Our vocation, or our calling, tends to be closely related to our occupation, what occupies our time; our occupation tends to define our identity. The same can be true for disability – the disabled life is seen as a vocation from which people then derive their identity. However, our occupations and abilities, or disabilities, are only the circumstances in which we pursue our vocation. Our vocation can, and often does stand apart from our circumstances.
This is important because as we progress through life, our circumstances and identities change, but our vocation, as Christians, remains consistent. So, what is our vocation as Christians? Ecclesiastes 12:13 states: “The end of the matter; all has been heard. Fear God and keep his commandments, for this is the whole duty of man”. Putting it succinctly, to honour God. So, whether you’re a tradie, a professional, garbage collector, entertainer, student, retailer, stay-at-home parent, retiree or whatever, your vocation is to honour God.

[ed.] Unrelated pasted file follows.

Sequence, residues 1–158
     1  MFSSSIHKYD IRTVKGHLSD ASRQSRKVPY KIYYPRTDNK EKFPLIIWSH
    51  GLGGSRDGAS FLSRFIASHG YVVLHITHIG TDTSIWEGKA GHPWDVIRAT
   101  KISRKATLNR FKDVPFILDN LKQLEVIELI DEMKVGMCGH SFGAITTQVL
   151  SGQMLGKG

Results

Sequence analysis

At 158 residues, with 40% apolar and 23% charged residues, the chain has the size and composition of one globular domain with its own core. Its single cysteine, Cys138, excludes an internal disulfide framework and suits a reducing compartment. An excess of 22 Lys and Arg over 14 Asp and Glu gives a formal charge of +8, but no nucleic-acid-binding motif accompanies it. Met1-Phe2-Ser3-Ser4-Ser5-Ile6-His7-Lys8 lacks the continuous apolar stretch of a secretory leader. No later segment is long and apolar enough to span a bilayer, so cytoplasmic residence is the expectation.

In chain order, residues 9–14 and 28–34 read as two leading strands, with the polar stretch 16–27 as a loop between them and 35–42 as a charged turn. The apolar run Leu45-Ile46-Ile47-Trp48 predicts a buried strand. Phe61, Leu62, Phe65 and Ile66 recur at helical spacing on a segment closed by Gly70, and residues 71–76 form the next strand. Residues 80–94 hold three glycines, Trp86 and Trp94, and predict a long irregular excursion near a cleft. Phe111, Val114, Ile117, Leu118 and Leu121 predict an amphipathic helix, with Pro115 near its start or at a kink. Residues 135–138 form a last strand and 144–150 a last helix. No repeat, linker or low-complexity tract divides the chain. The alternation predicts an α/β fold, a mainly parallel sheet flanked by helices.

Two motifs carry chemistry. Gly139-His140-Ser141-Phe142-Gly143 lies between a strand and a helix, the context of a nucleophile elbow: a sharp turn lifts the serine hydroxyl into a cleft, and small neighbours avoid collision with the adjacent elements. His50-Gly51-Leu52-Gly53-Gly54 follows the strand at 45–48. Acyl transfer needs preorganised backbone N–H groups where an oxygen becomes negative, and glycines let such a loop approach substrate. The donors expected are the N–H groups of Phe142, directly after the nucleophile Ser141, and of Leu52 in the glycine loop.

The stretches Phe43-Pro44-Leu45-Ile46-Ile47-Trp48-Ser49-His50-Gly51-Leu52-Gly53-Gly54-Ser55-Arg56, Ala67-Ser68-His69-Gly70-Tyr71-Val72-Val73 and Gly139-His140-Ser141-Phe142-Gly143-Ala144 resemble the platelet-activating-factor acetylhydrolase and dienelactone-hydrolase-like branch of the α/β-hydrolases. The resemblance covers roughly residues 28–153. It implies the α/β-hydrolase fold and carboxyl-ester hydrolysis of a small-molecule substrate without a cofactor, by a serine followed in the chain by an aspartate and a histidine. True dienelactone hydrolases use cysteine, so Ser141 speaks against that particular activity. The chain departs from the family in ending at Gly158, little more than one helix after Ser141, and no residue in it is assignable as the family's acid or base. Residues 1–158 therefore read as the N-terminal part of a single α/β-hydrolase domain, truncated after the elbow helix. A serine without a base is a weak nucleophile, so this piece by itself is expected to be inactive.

In life, I have ended up in ministry, which has been great. But I could have also pursued a career in the information technology industry or remained on a full disability support pension. These are vastly different circumstances. But regardless of which direction my life went, my vocation would have remained the same – to honour God.
Ability and disability also change as we progress through life. As a person living with cerebral palsy, I’m much less dependent on others in my 40s than I was in my 20s. Yet my vocation is the same – to honour God. Even as I get to my 60s and my abilities begin to deteriorate, then into my 70s and 80s – assuming that the government permits me to live that long! – I may well be lying on a nursing home bed, but my vocation will still be to honour God.